R. I wasn’t really aware of rock ‘n’ roll until Elvis. There was a tremendous revolution when he came along because music in this country was rather gentle stuff. The records that people liked were tuneful but they weren’t particularly rhythmic. My first encounter was with skiffle and when The Beatles came along I didn’t know what to do. My first reaction was “Where’s the lead singer?” because they all seemed to be singing at the same time. Of course The Beatles were all experts at rock ‘n’ roll. They studied it like an art form and knew it inside out.
Q. In your view, what was the impact of rock ‘n’ roll on Britain?
R. It had a huge impact. Until then we were such a grey nation. We’d been through a horrible War and we’d had rationing. In fact the post-War years were worse than the War. I was thirteen when the War started and flying with the Royal Navy when I was seventeen. When I came back there was still tremendous rationing – we were allowed half a pint of milk a day for example. Coupons! You couldn’t buy a new shirt because you’d spent too much on handkerchiefs the week before. It was dull, grey and the young people were longing to kick over the traces of the past. The young were saying, “Let’s live”.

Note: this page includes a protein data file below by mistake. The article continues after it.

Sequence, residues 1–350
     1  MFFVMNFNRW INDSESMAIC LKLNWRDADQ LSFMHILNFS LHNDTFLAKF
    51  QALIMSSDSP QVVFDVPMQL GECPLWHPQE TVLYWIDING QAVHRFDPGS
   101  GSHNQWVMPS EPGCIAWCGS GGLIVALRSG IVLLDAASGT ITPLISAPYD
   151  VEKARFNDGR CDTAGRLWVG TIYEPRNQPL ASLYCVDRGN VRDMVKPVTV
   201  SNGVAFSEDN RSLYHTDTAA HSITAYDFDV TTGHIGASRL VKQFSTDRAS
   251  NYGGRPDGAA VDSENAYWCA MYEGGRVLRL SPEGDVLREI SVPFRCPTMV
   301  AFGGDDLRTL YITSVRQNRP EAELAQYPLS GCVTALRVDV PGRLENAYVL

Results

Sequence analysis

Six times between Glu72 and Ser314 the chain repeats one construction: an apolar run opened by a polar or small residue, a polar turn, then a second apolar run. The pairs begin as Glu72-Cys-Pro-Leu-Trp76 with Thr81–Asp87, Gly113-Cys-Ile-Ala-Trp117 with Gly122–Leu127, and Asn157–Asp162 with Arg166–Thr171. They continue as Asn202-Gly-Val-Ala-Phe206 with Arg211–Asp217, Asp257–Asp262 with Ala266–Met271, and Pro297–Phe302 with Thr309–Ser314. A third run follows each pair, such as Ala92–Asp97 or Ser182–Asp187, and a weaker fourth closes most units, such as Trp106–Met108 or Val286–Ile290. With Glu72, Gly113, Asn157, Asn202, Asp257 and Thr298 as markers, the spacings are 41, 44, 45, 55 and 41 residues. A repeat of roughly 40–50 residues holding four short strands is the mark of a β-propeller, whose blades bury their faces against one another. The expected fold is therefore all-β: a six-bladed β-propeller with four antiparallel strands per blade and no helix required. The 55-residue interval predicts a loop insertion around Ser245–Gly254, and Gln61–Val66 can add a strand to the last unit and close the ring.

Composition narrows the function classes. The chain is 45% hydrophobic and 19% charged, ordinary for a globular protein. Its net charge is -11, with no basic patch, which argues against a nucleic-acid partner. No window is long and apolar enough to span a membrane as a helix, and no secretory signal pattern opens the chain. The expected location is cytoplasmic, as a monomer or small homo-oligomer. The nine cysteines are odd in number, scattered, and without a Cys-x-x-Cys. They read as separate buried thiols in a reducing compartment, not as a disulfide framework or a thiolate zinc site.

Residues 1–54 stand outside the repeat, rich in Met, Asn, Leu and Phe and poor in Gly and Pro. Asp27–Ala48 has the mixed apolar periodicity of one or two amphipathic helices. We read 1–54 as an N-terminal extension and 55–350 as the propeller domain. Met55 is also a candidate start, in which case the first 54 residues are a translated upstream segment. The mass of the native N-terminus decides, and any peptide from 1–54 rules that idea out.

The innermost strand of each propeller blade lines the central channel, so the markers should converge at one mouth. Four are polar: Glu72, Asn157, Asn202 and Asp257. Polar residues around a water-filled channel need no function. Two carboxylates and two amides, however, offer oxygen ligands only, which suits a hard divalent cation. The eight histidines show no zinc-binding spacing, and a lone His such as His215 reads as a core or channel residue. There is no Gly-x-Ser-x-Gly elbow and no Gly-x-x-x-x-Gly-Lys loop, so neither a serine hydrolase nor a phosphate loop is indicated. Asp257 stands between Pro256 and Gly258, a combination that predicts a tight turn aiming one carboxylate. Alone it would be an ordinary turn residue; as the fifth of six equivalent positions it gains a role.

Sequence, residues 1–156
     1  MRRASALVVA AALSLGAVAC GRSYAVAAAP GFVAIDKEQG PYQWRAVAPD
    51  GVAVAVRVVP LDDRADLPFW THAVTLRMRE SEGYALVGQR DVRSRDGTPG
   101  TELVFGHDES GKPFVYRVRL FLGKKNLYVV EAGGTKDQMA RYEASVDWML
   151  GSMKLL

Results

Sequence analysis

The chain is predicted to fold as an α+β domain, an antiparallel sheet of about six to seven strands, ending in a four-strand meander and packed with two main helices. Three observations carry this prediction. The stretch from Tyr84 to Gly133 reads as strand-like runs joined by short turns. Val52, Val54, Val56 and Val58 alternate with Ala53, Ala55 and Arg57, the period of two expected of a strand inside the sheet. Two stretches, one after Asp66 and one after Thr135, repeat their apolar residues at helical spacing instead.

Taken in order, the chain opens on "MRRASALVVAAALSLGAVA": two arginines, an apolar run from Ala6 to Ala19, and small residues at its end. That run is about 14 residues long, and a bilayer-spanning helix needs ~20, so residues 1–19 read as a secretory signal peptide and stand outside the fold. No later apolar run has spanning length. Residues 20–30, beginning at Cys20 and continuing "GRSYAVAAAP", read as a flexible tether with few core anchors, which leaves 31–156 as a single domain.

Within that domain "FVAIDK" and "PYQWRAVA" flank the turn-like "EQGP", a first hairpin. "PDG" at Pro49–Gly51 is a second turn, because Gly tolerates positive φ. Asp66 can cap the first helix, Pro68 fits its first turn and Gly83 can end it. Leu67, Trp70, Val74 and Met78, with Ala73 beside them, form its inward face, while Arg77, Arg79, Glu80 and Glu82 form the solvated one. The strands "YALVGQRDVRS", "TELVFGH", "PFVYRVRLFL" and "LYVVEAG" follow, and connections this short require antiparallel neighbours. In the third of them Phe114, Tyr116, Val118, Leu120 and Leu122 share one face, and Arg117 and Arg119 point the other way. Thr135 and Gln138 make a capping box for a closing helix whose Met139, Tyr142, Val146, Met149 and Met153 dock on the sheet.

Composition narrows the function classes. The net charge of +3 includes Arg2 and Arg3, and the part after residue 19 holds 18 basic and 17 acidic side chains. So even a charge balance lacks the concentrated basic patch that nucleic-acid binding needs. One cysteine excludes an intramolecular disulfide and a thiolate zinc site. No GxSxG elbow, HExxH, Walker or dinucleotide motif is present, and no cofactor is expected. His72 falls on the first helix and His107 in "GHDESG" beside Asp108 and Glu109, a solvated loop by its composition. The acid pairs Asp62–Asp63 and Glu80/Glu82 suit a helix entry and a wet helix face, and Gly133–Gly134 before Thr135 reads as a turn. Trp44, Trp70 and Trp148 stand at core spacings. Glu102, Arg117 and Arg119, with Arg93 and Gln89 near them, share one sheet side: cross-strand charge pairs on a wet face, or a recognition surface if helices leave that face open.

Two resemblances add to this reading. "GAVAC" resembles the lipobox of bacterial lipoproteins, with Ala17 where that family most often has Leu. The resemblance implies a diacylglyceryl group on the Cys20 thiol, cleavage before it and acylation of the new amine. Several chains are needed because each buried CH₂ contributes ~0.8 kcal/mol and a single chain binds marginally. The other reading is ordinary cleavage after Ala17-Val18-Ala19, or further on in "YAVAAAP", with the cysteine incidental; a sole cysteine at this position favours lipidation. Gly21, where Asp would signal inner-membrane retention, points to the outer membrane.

Q. You’re still a very active member of the British record industry. What are the main issues facing the industry today?
R. I don’t think the average person realizes quite what a problem there is in the music industry today. In the first place, technology has given us the ability to copy impeccably, which means that people can get music for nothing. That’s fine if you’re on the receiving end but if you’re a musician or a writer you starve.